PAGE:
Each week, In Theory takes on a big idea in the news and explores it from a range of perspectives. This week we’re talking about “one person, one vote.” Need a primer? Catch up here.

Richard H. Pildes is the Sudler Family Professor of Constitutional Law at New York University School of Law.

If states’ representation in Congress were tied to their number of eligible voters rather than their total population, Texas would have four fewer House representatives and California six. Both states have millions of non-citizen residents and a disproportionate share of people younger than 18.

Fortunately for Texas and California, the principle of political equality written into the Constitution’s 14th Amendment expressly recognizes that a state’s representation in the House should be based on its total population, not the number of its eligible voters alone. “The fundamental principle of representative government is one of equal representation for equal numbers of people,” the Supreme Court has said.

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But is this “fundamental principle” somehow wrong when states design their own legislatures? In the “one person, one vote” case before the Supreme Court, two voters from Texas argue that it is.

The plaintiffs in Evenwel v. Abbott insist that the Constitution requires equal numbers of eligible voters, not people, across election districts. They do not challenge the design of the House of Representatives, of course; the Constitution’s text settles that issue. But they argue that, when states draw their own election districts, the Constitution forbids them from relying on the same principle of political representation that the Constitution requires for the House.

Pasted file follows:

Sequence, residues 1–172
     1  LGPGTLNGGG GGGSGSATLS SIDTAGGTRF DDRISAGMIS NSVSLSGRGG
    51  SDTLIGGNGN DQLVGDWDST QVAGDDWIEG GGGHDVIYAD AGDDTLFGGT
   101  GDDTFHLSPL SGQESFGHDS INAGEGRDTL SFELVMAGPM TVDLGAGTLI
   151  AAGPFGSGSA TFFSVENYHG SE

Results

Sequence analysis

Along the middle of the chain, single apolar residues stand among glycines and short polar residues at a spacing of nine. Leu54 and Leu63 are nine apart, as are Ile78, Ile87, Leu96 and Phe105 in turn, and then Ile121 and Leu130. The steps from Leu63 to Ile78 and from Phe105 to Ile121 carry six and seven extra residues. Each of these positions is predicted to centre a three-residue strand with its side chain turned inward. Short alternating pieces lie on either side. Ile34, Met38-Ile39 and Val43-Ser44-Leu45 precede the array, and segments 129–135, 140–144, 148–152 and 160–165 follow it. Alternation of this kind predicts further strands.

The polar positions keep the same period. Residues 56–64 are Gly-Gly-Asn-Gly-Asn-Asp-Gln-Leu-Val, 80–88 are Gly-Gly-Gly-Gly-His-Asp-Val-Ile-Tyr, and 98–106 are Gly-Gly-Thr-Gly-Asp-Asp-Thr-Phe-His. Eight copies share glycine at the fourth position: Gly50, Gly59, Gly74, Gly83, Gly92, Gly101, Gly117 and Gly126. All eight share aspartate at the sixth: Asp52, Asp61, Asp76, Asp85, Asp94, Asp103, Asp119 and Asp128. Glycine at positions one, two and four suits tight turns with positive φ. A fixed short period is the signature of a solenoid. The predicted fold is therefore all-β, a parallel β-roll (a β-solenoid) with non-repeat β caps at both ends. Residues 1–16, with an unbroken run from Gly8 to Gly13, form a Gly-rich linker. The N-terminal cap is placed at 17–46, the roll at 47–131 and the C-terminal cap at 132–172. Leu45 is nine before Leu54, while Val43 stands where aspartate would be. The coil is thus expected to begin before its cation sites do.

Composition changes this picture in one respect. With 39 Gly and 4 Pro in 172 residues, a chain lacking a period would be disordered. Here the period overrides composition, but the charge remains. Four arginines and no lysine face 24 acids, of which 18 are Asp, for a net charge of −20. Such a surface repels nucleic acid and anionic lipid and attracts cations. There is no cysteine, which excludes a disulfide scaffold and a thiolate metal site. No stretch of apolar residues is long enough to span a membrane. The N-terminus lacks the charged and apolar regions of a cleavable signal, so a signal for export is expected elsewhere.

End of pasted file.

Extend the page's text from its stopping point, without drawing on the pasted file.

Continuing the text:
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Currently, every state designs its election districts according to the same understanding of political equality that the Constitution applies to the House of Representatives: States aim to equalize the number of people across districts, not the number of eligible voters.

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If the Evenwel plaintiffs were to win, the practical consequence for many states would be a significant shift in power from urban areas (which tend to have greater concentrations of the young and non-citizens) to rural areas. In partisan terms, this urban-rural divide is the most fundamental one in American politics today; even in Texas, every major city voted for President Obama in 2012, as did 27 of the country’s 30 largest cities. Unfortunately, then, Evenwel is one of those cases in which the partisan consequences are obvious and stark. If the court ends up closely divided along lines that track these consequences, pundits will inevitably cast the justices they oppose as being motivated by politics.

But I consider it unlikely that the principle of “equal numbers of eligible voters between districts” will prevail, for reasons of both pragmatism and principle. As a number of former directors of the U.S. Census Bureau have explained in a brief to the court, we simply do not have the kind of accurate, reliable, up-to-date information on the locations and numbers of non-citizens on which to base redistricting.